Wednesday, September 12, 2012

Real Talk With Rachel: Getting Too Cheeky

by Rachel Kurzius

Dear Rachel,

I am a woman in my mid-twenties. Last weekend, I went out to a bar with a couple of friends. Because there was going to be a concert, the cover charge was $10. We sat in a booth and ordered drinks, waiting for the group to begin. One of my friends told us that the bouncer at the door, who had patted us all down and taken our cover money, had groped her.

We began to debate if we should leave in protest, though the friend kept saying it was “not a big deal.” I was caught between wondering if leaving would make her feel more ostracized or if we were doing a disservice to her by staying. When she said that he pinched her cheeks, I wasn’t sure if she meant her face or her butt. As we were trying to sort it all out, the music group came onto the stage and began performing. So we stayed.

Did I do the right thing?

Friend of the Pinched and Prodded

Dear Friend,

You’ve broached a difficult topic because notions of “doing the right thing” depend entirely on how your friend feels in the situation, and there are a couple of reasons why she might not be upfront with you about this.

In a vacuum, the right thing in my mind would be hightailing it out of that bar as quickly as possible, stopping only to curse out the bouncer and report him to a manager.

That would be a very clear way to show your friend that you stand by her 100 percent, as well as do all you can to prevent the bouncer from groping again. The primary concern is making sure your friend feels as secure as possible.

However, that kind of clarity eluded you for a couple of reasons. The first of those is that confusion clouded the entire situation. You weren’t even sure what exactly took place between the bouncer and your friend. While no one should get any of their cheeks pinched without consent, I think we can agree that a butt cheek squeeze is a much more significant violation than a facial cheek squeeze. Knowing for sure that a butt cheek squeeze occurred might have jolted you into quicker action.

Another complication that could prevent the ur-solution I presented above is whether your friend wanted to report the bouncer’s actions. While it makes some victims of groping (and other forms of violation) feel better to alert a higher-up, perhaps your friend preferred to brush the incident aside. That’s entirely her decision to make, and your only job is to be supportive of whatever she chooses. Meaning, if she wanted to speak with the manager, you should have gone with her, but if she didn’t, you should not attempt to pressure her.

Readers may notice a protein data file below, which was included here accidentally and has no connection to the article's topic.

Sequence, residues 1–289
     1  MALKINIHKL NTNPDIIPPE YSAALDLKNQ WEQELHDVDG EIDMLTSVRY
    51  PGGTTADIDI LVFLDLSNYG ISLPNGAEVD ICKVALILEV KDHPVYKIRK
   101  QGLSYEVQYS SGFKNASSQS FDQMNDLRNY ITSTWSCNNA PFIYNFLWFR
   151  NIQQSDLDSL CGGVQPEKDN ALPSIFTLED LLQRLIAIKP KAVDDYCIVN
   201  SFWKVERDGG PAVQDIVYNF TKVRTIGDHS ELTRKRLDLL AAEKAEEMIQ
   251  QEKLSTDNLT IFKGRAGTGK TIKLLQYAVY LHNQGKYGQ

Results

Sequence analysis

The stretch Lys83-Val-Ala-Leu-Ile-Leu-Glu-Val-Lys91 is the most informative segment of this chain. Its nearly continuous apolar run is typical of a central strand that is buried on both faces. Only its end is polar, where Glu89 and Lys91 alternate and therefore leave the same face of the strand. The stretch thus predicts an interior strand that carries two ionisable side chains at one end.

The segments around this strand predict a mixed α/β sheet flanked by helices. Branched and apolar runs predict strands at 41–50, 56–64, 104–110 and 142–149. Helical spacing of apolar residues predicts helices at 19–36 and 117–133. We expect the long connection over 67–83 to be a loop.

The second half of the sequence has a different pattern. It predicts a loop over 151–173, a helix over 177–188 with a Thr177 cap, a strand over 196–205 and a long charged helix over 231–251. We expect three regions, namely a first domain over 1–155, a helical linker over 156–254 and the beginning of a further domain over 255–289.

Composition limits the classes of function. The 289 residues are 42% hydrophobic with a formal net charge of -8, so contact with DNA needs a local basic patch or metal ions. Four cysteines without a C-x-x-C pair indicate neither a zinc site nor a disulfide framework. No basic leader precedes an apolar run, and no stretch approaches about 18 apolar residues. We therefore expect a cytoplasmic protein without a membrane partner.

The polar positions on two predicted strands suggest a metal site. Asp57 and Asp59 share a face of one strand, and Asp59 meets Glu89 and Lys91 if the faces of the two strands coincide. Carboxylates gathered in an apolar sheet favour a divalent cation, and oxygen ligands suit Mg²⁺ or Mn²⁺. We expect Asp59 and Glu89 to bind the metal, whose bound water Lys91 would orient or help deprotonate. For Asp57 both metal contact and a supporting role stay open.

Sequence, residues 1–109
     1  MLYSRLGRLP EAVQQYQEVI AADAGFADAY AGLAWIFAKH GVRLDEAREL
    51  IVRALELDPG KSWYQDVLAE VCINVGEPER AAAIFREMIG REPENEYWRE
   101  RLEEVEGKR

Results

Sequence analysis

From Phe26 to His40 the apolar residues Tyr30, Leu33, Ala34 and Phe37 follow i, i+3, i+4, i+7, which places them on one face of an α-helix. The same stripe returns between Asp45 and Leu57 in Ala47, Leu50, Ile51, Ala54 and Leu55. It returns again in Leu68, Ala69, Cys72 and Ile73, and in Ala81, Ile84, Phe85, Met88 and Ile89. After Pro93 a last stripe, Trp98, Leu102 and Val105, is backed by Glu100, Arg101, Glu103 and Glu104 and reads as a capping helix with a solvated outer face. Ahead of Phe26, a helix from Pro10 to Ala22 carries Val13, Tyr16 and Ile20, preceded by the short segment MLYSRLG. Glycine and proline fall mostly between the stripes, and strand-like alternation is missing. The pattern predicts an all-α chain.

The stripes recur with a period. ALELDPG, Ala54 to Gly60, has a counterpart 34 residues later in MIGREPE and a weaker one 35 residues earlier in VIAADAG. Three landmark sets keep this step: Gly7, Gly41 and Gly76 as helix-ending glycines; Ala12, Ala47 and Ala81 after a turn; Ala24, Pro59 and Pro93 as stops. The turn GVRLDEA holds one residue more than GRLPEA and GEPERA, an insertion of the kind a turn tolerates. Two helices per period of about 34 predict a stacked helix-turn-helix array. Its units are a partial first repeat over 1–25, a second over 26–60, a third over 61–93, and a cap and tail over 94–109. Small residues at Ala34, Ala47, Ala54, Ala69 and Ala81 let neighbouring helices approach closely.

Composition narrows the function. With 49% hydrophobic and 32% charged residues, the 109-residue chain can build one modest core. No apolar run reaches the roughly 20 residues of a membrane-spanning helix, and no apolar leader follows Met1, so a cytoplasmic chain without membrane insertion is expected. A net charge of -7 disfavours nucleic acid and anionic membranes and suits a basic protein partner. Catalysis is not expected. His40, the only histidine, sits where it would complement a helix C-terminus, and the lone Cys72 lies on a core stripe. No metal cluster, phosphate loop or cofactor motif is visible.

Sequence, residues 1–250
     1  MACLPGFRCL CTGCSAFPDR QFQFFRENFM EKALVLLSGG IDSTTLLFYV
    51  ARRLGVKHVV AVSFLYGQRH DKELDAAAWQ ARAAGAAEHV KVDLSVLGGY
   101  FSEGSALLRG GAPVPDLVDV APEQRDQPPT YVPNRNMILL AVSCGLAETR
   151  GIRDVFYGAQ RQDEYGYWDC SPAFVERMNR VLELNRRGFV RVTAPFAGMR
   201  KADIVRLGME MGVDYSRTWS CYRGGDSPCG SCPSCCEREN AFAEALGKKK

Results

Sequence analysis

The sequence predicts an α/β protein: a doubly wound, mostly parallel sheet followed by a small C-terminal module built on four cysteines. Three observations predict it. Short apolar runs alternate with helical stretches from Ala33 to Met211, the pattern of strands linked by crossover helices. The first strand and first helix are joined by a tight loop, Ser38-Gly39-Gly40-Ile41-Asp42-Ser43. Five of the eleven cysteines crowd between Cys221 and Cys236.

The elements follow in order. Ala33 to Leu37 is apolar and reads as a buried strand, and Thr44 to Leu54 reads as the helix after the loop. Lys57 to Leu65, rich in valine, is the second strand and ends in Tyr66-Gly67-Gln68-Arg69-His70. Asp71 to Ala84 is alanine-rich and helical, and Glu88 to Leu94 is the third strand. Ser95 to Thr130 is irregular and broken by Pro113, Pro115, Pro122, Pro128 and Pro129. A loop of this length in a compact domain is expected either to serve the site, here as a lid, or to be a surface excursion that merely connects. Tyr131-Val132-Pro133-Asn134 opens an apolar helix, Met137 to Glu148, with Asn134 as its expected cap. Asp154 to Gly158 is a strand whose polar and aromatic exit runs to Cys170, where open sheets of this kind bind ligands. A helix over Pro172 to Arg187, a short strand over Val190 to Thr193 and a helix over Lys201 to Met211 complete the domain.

When your friend said that what took place “wasn’t a big deal,” it was probably tough for you to determine whether or not she meant it. After all, you had all paid a $10 cover, and perhaps she didn’t want to force you to lose that investment, or she didn’t want to make everyone regroup. Alternatively, maybe *she* didn’t want to lose her $10 investment or have that cheek squeeze prevent her from seeing that concert. The only way to determine whether she felt closer to the first or second option (and frankly, she probably felt something in-between the two poles) is to emphasize, again and again, that you and the entire group support whatever she chooses. And then, when she makes a choice, go with it; don’t question her.

Women (and some men, but largely women) have to deal with these quandaries far too often. Ideally, one can show the people who cause these situations that their behavior is unacceptable. However, the prime concern should always be securing your safety. You and your friend have no obligation to curse out an a-hole who objectifies you if it puts you in danger.

It’s not just women who can show that this behavior has no place in our society. Men can help avoid these situations, too. If you’re out with a group of women and one of them tells you that a bouncer (or whoever) groped her, don’t drag your feet about leaving or diminish the experience as “not a big deal.” You have just as much of an obligation to be supportive, even if you can’t empathize to the same degree.

Finally, if you have a friend who engages in this behavior, make it clear, in no uncertain terms, how repugnant it is.



Rachel Kurzius revels in giving advice, and has provided counsel both as a columnist and a friend. She lives in Washington DC, where she works as a news producer. Real Talk with Rachel is published on All Life is Local and the Cleveland Park Listserv,, on Wednesdays. Need advice? You can write to Rachel via

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